Having identified links between sport and business, the question of what moral decision-making is should be addressed more generally. Melzer, Elbe, & Brand, though focusing on doping prevention, presented an interesting account on this topic in their paper Moral and Ethical Decision-Making: A Chance for Doping Prevention in Sports? (2010). The paper addressed issues which are also key elements of the present study and argued that though it is believed, “that participation in sport has pedagogical values … the goal of winning at all costs” (p. 70), are two conflicting parts of modern high-performance sport. It is further discussed that sport in its pure rule-based form is believed to be ethical by nature and that therefore immoral behavior (such as doping) “weighs even more heavily, because it attacks sport’s innermost values” (p. 73). From this statement, it could be concluded that, because ethical dilemmas are so vivid and sport in and of itself is moral, athletes are the right choice to teach us such behavior. Unfortunately, however, Melzer et al. argued that there is no empirical support for the connection between sport participation and moral development (Kavussanu & Ntoumanis, 2003). It was further stated that, “Sport in general does not turn individual into moral people. In contrast, unethical behavior seems to be more accepted in sports than in daily life (Bredemeier & Shields, 1984)” (p. 73). If all the above is true, how then can we hope that an athlete is the right person to teach us ethical decision making? Moral education is without doubt a good starting point and provides a chance to create a sense of moral behavior. However, as we have seen earlier, the means have to be of sensitive nature. As Melzer et al. argued, the ability to judge situations in a moral manner remains a crucial point in the decision making process, which goes beyond a theoretic education of ethical theories. Kohlberg (1964) described moral judgment as “the capacity to make decisions and judgments that are moral (i.e., based on internal principles) and to act in accordance with such judgments” (p. 425). It is further contended that an action which one believes is immoral has to always be evaluated within a broader context, including factors such as gender, culture, self-awareness, moral courage, and the ability to critically reflect on one’s own values and moral attitudes. Interesting for the focus of this paper is that those insights were derived from business ethics, and not, as one might have assumed, from a sport context. The argument that the field of decision making in business ethics would provide an advantage for sport, and not as we see it today that sport is the answer to ethical dilemmas in business, is interesting for this paper and thus provides another reason making this discussion valuable.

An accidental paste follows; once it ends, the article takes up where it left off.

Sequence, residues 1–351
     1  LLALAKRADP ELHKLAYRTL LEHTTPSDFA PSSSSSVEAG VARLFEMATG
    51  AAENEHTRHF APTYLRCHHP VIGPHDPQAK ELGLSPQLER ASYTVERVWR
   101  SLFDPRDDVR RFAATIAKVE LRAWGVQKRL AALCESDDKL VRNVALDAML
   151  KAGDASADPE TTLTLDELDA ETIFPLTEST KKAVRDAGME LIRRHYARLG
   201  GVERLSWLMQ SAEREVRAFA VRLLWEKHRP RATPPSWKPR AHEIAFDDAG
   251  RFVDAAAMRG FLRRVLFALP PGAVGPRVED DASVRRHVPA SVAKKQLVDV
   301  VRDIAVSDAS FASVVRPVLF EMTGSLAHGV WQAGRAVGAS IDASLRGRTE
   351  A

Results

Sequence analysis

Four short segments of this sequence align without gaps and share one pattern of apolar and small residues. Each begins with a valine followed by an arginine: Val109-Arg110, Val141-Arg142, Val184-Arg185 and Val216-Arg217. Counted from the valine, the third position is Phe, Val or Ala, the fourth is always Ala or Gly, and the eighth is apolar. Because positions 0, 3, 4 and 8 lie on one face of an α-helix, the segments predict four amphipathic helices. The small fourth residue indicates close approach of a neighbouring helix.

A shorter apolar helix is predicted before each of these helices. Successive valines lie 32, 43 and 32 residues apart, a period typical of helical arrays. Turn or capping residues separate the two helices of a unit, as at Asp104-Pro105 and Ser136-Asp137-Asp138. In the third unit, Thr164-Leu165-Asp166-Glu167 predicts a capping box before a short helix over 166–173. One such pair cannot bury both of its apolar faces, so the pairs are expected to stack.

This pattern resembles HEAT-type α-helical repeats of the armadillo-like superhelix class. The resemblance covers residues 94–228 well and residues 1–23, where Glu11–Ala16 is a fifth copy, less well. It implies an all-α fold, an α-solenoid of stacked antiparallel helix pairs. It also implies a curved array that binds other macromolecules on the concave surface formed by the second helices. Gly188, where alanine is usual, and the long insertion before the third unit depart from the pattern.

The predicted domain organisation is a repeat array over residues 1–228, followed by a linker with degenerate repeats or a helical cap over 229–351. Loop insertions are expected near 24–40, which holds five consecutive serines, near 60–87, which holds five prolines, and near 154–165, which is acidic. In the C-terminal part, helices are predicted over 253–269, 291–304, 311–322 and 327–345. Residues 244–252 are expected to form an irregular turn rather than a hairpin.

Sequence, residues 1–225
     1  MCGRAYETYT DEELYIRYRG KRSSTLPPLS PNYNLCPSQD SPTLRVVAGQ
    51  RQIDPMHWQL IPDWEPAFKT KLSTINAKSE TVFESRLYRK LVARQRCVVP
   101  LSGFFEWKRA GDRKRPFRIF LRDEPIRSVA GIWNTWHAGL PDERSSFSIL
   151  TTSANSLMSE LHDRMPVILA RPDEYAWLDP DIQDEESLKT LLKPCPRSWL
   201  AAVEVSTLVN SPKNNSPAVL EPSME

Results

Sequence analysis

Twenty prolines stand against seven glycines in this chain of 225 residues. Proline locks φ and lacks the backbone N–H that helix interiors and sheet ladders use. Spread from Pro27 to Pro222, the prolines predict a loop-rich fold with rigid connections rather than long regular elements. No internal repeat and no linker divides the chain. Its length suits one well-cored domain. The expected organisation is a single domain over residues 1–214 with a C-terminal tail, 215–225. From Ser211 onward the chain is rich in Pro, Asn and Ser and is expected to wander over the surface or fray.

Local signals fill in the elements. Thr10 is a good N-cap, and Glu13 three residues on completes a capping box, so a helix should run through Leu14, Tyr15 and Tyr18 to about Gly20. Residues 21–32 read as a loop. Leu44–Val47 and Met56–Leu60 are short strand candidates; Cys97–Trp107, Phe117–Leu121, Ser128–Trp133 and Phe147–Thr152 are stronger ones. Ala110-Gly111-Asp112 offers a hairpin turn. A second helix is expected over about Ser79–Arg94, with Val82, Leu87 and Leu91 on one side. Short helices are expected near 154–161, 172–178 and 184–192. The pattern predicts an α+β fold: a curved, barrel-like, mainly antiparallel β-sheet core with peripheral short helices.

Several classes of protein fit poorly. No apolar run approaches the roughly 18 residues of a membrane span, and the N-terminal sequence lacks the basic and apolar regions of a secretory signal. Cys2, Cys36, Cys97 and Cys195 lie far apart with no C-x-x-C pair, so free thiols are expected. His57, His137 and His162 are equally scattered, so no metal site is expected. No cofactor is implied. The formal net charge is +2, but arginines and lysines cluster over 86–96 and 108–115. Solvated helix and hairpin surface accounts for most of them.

Sport metaphors as coaching practice